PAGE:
And they key is to broaden the minds of the people. And I maintain—based on the fact that I’ve grown up around psychedelic communities and people and plants my whole life—that our cultural myopia is culturally induced. That people are not naturally as stupid as we seem to be. We seem to be the way we are because of bad cultural practices, bad educational practices, bad ethics, bad religion, bad this, bad that. And there is in people, I really feel (and I don’t think I’m Pollyannish about this), an innate depth and wisdom and interest in the larger issues of life. I mean, why didn’t the Greeks write soap operas instead of talking philosophy? Well, because talking philosophy was clearly more interesting than writing soap operas. Well, then why isn’t it to us? Well, because our playing field is not level, you know? We’re dealing with engines of manipulation and suasion that have studied us with greater care than you would wish to imagine in order to attain certain ends not necessarily friendly to you. This is what I meant when I said, “culture is not your friend:” culture is out to screw you in some way. It wants to sell you something, or it wants to have you react in a certain way. Culture is not your friend.
Did you want to say more?
I have a comment about [???] you were saying that time was out there. I thought that sort of the contemporary view of time is that time was one of the [???] forms of sensibility, coming out of [???] time and space are really functions of our own consciousness [???] part of nature, they’re part of us.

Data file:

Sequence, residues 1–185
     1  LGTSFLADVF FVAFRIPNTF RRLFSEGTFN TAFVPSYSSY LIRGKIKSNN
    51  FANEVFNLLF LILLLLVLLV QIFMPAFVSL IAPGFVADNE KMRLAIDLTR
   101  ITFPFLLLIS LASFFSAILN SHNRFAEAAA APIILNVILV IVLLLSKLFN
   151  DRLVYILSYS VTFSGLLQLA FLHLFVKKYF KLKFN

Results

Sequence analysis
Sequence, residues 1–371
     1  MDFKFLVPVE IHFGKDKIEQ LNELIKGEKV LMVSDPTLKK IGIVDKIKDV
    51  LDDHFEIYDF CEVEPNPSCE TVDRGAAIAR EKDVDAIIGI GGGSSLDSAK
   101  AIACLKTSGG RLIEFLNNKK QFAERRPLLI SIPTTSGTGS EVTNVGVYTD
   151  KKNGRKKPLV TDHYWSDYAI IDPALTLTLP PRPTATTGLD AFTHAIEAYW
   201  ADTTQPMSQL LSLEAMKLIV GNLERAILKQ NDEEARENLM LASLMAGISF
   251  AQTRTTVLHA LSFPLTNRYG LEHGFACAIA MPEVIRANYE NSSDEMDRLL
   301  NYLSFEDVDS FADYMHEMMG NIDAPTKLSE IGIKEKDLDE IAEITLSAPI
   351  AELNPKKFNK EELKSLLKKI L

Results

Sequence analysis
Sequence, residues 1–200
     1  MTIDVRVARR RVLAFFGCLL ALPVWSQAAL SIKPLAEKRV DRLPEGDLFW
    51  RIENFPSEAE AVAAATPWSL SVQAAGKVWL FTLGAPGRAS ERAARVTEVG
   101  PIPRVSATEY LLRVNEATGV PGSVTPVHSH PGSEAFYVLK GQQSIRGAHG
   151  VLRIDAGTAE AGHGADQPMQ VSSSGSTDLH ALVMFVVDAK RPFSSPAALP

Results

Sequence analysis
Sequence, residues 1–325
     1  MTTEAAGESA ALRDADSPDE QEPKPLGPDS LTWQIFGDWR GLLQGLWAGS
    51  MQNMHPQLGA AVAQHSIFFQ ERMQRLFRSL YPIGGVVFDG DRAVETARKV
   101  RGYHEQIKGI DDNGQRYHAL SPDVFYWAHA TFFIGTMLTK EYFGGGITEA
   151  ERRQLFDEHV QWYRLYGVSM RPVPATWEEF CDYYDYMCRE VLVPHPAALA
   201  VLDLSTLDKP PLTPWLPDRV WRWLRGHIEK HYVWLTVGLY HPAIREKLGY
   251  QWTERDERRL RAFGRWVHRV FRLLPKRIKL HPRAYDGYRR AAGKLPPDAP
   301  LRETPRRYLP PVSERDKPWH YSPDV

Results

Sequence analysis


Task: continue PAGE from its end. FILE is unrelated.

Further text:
That is a perfect articulation of the enemy position. You’ve got it absolutely right. That’s what they’re saying. Lemme see, here. Where is it dealt with? The laws of nature must be considered as possibilities that are changing with the evolution of the system itself. They are built up in stages and are progressive. What Prigogine is saying, and what I’ve been saying for some time, is that time is a thing. Time is not what Kant said, it is not a category in the human mind. It is a real thing. It is as real as matter and energy. And the idea that time has no arrow, that processes can be run backward and forward—he is concerned to attack. Time matters. Resonance drives change. Let me see if I can find this here.
The notion that natural laws operate independent of time is crucial to predictability. Scientists speak of time-reversibility: a pendulum swings, it returns. The universe expands and contracts. But irreversibility also takes place, Prigogine said in a recent interview. Every time we manufacture a cup it’s from being to becoming, yet physics has denied time-duration irreversibility. This denial has made us foreigners in the world, he said. And if time is an illusion, a mere artifact of perception, what of the simple fact of biological evolution? How do we account for ourselves? We are the children, not the fathers of time, Prigogine said.
This is a great guy. He’s a great guy. He’s definitely the best dressed person in science.